Veteran US diplomat Holbrooke dies
Washignton, December 14, 2010
Richard Holbrooke, the US diplomat who brokered the accord that ended the war in Bosnia and served as US special representative for Afghanistan and Pakistan, died on Monday.
Holbrooke, 69, whose government career spanned nearly five decades and ranged from junior diplomat in South Vietnam to US ambassador to Germany and at the United Nations, died after surgery to repair a tear in his aorta.
He fell ill on Friday during a meeting with Secretary of State Hillary Clinton and was taken to a hospital, where he underwent hours of extensive surgery to try to save his life.
"Michelle and I are deeply saddened by the passing of Richard Holbrooke, a true giant of American foreign policy who has made America stronger, safer, and more respected," President Barack Obama said in a statement.
A relentless negotiator who earned a reputation as a "bulldozer" in brokering the 1995 Dayton Accords that concluded the Bosnian war, Holbrooke was once called "Washington's favorite last-ditch diplomat" by Time magazine.
Known for his tenacity, intelligence, charm and, at times, abrasiveness, Holbrooke held some of the most important jobs in US diplomacy, including assistant secretary of state for East Asian and Pacific affairs and European and Canadian affairs.
Nominated for the Nobel Peace Prize seven times, Holbrooke joined Obama's administration in January 2009 as special representative for Afghanistan and Pakistan, dealing with two of Washington's most vexing foreign policy challenges.
Nine years after the US invasion that toppled the Taliban rulers in Afghanistan, there are nearly 150,000 foreign troops in the country -- almost 100,000 of them from the United States -- fighting an insurgency that has been fortified by its ability to find safe havens in neighboring Pakistan.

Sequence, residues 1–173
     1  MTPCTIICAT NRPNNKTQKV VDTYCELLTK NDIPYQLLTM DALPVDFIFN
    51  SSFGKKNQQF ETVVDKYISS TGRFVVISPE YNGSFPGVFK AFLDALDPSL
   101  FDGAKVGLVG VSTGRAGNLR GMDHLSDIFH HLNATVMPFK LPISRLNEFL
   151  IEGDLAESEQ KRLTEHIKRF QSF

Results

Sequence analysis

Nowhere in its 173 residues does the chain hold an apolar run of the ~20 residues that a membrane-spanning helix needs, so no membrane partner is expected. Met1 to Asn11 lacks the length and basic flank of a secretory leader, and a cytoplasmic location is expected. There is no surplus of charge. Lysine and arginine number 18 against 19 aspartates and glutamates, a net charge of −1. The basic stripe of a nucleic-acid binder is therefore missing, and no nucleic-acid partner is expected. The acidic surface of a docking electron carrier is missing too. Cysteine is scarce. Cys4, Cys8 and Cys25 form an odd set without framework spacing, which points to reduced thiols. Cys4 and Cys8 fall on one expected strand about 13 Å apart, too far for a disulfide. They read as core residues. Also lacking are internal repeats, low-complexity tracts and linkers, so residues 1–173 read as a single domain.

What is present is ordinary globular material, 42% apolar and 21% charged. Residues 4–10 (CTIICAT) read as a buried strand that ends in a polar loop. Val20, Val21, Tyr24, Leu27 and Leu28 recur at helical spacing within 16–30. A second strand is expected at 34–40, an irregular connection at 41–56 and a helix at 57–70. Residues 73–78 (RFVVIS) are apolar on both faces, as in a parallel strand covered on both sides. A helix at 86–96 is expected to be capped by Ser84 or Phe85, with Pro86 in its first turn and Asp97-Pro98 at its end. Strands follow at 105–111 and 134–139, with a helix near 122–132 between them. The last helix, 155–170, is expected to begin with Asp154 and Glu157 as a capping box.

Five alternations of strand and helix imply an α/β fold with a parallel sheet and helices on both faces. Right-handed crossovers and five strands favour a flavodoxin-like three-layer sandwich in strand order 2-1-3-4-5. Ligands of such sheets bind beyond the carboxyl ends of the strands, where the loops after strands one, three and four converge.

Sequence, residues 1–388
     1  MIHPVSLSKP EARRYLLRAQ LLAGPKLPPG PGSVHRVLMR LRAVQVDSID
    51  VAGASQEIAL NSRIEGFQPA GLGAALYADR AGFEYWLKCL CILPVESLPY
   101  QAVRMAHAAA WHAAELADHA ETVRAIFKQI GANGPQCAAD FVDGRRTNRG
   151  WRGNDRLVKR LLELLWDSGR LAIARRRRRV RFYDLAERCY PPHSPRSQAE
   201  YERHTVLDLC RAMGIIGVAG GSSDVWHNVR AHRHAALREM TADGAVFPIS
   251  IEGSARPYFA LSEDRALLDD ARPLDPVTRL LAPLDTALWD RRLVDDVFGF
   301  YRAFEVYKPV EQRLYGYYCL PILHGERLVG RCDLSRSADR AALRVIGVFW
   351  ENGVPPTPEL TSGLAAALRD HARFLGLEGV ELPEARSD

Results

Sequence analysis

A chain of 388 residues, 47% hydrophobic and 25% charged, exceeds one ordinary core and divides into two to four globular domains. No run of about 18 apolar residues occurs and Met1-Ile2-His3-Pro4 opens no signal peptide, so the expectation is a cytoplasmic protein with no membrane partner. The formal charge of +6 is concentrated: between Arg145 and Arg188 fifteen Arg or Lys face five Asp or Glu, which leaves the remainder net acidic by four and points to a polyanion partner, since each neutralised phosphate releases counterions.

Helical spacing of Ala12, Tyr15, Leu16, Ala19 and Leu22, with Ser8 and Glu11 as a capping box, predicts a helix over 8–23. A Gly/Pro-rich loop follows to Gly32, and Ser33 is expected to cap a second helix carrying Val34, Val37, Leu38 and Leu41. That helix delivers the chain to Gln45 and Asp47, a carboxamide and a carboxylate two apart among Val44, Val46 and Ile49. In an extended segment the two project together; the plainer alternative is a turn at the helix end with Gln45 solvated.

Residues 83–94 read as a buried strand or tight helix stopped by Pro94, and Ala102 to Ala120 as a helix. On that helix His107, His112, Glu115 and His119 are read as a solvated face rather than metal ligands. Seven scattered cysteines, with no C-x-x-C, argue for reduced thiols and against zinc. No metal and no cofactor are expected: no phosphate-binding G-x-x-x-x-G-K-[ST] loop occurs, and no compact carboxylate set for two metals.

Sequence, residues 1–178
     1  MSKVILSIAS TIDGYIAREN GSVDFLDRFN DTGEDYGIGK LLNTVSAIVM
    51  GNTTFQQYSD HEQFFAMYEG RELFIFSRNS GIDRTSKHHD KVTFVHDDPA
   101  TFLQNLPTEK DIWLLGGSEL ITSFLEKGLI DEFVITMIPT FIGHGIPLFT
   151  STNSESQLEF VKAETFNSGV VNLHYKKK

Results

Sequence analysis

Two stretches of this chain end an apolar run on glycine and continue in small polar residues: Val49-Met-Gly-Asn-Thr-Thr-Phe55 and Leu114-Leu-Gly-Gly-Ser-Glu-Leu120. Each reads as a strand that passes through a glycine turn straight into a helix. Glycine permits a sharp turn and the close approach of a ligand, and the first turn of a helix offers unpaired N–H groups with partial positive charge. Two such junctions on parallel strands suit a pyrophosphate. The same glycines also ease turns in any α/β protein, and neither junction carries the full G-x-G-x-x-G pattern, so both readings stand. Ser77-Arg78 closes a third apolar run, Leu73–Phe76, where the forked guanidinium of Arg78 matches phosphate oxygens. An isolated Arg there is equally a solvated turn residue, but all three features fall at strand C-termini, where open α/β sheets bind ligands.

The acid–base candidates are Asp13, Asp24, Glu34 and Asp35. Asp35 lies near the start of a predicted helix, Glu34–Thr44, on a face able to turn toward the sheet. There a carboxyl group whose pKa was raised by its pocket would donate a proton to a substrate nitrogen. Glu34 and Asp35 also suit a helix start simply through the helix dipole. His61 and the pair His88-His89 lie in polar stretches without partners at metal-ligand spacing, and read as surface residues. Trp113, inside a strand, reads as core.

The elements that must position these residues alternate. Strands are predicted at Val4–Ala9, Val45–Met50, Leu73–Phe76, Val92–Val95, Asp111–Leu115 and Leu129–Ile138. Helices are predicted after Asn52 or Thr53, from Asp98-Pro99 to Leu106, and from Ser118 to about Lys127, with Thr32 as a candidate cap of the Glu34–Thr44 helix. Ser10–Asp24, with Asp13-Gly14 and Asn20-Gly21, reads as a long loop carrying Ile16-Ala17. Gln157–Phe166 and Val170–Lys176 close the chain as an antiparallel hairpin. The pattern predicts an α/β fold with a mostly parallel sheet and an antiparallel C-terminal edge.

Analysts do not expect Holbrooke's death to have much impact on a report due this week on Obama's build-up of forces in the Afghanistan war. The US strategy is meant to allow Afghan security forces to gradually take over and permit American troops to start withdrawing from July 2011.
While seen as one of the United States' most can-do diplomats, Holbrooke had a strained relationship with Afghan President Hamid Karzai, who held on to power in elections last year that were marred by widespread reports of fraud.
"We are saddened by his death, it is a big loss. He had done great services for Afghanistan," said Siyamak Herawi, a spokesman for Karzai.
The Washington Post quoted family members as saying that as Holbrooke was sedated for surgery, his final words were to his Pakistani surgeon: "You've got to stop this war in Afghanistan." - Reuters
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